One of the hot areas of class action litigation against life insurers over the last few years has been the use of retained asset accounts, whereby the insurer pays life insurance proceeds not by a lump sum but instead by providing beneficiaries with access to an interest-bearing account from which the funds can be drawn.  One of the cases in which the plaintiffs’ bar had success was in the District of Maine, where the district court found a breach of fiduciary duty under ERISA (see my February 22, 2012 blog post).  This case ultimately resulted in a $12 million judgment in favor of the plaintiff class, but that judgment was recently overturned by the First Circuit.  The First Circuit found no ERISA violation where the use of the retained asset account was expressly authorized by the ERISA plan, and the insurer complied with the plan.  The First Circuit’s decision closely followed decisions by the Second and Third Circuits reaching similar conclusions.

In Merrimon v. UNUM Life Insurance Company of America, Nos. 13-2128, 13-2168, 2014 U.S. App. LEXIS 12540 (1st Cir. July 2, 2014), the plaintiffs asserted that the use of the retained asset accounts to pay benefits: (1) constituted self-dealing in plan assets, in violation of section 406(b) of ERISA; and (2) violated a duty of loyalty under section 404(a) of ERISA.  The court of appeals initially addressed standing, concluding that the plaintiffs had standing because the claimed wrongful retention and misuse of assets “[i]f proven, would constitute a tangible harm, even if no economic loss results.”  Id. at *10.  The court also found that the Department of Labor’s conclusion that the use of a retained asset account does not violate ERISA where it is consistent with the plan terms, as expressed in an amicus brief, was entitled to deference because it was well-reasoned (not because the court agreed with it, but because the analysis itself was thorough).  Id. at *13-17.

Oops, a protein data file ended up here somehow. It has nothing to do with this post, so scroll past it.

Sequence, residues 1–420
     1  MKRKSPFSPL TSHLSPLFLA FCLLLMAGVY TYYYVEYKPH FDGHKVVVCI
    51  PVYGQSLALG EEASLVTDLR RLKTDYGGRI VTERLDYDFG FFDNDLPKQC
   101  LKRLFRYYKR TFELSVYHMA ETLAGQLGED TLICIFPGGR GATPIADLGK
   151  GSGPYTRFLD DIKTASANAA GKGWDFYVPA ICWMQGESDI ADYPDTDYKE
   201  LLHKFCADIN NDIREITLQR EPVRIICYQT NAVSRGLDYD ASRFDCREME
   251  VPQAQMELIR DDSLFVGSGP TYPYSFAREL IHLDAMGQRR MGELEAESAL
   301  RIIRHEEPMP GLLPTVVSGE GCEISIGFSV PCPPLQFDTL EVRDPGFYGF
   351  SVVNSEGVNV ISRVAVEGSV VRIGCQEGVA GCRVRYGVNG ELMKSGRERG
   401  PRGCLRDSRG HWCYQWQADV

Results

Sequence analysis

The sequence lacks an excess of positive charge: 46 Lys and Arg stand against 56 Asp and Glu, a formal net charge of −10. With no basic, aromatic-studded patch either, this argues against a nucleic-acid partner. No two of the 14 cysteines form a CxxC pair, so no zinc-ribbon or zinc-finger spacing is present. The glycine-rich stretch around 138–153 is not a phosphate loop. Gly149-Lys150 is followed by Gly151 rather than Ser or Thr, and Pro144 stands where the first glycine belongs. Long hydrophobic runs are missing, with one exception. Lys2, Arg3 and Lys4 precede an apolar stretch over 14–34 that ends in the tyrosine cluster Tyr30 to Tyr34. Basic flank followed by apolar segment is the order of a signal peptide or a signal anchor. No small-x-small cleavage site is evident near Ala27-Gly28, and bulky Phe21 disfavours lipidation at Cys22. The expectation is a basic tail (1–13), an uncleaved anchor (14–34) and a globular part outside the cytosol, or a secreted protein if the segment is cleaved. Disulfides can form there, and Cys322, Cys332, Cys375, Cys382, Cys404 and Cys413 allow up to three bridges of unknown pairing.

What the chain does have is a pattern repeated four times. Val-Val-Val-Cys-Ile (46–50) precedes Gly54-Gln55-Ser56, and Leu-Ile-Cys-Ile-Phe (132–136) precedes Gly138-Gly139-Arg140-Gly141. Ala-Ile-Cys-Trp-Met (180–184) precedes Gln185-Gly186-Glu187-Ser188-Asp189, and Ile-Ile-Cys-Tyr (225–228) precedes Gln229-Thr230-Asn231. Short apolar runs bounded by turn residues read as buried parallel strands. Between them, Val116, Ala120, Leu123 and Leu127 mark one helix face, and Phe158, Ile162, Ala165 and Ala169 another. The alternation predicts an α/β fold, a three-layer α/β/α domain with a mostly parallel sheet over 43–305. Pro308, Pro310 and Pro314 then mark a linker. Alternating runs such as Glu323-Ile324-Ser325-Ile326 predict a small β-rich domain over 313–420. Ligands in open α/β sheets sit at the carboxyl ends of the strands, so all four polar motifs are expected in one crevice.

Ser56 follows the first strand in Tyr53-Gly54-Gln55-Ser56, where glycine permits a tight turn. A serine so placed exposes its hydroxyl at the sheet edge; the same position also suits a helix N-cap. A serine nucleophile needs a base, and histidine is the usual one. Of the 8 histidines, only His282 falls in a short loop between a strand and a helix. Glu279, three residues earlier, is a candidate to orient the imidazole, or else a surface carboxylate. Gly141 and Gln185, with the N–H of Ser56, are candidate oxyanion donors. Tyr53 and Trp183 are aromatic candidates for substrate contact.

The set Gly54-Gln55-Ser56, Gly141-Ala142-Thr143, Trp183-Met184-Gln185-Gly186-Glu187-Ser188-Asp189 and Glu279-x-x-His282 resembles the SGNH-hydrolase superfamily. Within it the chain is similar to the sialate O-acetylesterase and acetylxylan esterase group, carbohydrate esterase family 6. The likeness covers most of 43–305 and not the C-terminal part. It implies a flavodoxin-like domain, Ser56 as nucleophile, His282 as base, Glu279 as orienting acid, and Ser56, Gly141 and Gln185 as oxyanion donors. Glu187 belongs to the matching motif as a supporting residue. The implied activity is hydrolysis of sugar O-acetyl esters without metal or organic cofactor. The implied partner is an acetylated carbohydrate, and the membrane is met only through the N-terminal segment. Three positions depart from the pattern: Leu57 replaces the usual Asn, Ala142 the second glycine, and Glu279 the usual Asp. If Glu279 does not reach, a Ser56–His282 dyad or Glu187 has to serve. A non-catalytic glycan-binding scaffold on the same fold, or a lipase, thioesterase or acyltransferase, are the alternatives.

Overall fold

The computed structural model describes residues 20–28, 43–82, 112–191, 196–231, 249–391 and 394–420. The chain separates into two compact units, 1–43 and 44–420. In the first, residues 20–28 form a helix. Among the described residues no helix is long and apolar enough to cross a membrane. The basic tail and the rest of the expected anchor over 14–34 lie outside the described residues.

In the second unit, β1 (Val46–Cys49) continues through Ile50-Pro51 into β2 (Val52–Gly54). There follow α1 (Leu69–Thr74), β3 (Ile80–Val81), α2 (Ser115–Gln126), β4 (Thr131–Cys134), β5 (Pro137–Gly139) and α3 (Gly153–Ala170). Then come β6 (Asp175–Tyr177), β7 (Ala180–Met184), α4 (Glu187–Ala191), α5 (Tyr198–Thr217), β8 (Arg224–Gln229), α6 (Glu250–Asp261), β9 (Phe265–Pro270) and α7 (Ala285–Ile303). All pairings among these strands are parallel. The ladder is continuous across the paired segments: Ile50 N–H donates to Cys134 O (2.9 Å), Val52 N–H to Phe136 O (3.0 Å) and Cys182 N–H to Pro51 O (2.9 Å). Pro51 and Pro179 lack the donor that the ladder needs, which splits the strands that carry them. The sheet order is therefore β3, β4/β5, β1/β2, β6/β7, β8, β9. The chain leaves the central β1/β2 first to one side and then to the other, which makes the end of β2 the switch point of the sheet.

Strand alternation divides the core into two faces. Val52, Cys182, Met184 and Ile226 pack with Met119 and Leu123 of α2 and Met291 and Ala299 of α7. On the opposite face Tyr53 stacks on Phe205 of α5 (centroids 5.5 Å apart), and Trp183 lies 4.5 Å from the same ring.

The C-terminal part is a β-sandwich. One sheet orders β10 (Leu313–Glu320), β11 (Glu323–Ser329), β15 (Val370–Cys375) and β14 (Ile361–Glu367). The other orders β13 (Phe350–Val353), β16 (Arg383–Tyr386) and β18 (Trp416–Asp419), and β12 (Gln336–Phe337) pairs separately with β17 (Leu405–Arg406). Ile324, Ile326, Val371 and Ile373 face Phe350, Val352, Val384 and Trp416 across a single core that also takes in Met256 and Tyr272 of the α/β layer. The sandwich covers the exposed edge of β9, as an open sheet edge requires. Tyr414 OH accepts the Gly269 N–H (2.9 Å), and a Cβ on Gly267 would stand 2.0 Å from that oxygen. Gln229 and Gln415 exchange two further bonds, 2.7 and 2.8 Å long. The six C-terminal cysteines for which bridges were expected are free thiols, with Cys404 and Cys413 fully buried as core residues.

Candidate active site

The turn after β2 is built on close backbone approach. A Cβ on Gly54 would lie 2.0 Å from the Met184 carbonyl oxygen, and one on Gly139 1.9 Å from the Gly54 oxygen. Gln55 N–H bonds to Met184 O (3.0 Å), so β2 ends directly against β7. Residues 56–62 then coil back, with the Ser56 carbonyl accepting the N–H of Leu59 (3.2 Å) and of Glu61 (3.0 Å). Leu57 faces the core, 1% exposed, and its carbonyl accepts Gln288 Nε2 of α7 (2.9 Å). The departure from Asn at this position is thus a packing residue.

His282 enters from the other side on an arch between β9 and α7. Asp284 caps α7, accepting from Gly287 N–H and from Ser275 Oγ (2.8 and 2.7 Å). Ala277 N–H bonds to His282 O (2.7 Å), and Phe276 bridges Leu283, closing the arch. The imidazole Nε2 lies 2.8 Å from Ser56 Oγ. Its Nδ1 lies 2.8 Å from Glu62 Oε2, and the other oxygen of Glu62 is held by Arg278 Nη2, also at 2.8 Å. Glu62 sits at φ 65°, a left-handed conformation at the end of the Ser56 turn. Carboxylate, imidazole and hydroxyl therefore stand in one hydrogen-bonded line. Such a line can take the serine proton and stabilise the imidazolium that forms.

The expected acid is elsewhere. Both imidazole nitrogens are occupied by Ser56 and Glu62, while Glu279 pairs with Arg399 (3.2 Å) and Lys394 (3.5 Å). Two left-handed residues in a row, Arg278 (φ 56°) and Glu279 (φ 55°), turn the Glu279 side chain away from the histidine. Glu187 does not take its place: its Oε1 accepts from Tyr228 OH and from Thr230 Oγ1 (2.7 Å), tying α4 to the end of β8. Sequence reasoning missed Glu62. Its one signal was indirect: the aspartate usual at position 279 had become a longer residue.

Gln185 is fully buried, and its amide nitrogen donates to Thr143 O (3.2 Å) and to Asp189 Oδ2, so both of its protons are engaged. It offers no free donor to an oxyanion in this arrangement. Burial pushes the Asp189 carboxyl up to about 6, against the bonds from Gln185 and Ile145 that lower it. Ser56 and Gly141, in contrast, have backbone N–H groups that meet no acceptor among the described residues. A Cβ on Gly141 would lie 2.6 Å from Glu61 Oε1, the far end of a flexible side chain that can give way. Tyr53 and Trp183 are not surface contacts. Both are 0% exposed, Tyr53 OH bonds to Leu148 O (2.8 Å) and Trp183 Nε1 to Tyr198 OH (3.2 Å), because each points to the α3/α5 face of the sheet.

On the first issue, the First Circuit agreed with the district court that there was no violation of section 406(b), which prohibits self-dealing in plan assets, because the assets in retained asset accounts were not plan assets.  The court explained that “[i]t is the beneficiary, not he plan itself, who has acquired an ownership interest in the assets backing the RAA,” and “a beneficiary’s assets are not plan assets.”  Id. at *20.  The First Circuit distinguished its prior decision in Mogel v. Unum Life Ins. Co., 547 F.3d 23 (1st Cir. 2008), often relied upon by the plaintiffs’ bar, on the grounds that Mogel involved a plan that specifically mandated that benefits be paid in a lump sum, and the insurer in that case failed to comply with the plan documents.  Merrimon, at *20.

On the second issue, the First Circuit found no violation of section 404(a), which requires a fiduciary to discharge its duties solely in the interests of participants and beneficiaries.  The court relied on the Department of Labor’s amicus brief, and explained that once the insurer paid the benefits into the retained asset accounts, its fiduciary duties ceased and the subsequent relationship was a debtor-creditor relationship governed only by state law.  Id. at *26-27.  The setting of interest rates on the accounts was thus governed only by state law.  Id. at *31.

Based on these rulings, the First Circuit overturned a $12 million judgment in favor of the certified class, and instructed the district court to enter judgment in favor of the insurer.  Will this be the nail in the coffin of retained asset account class action litigation?  Perhaps, but stay tuned.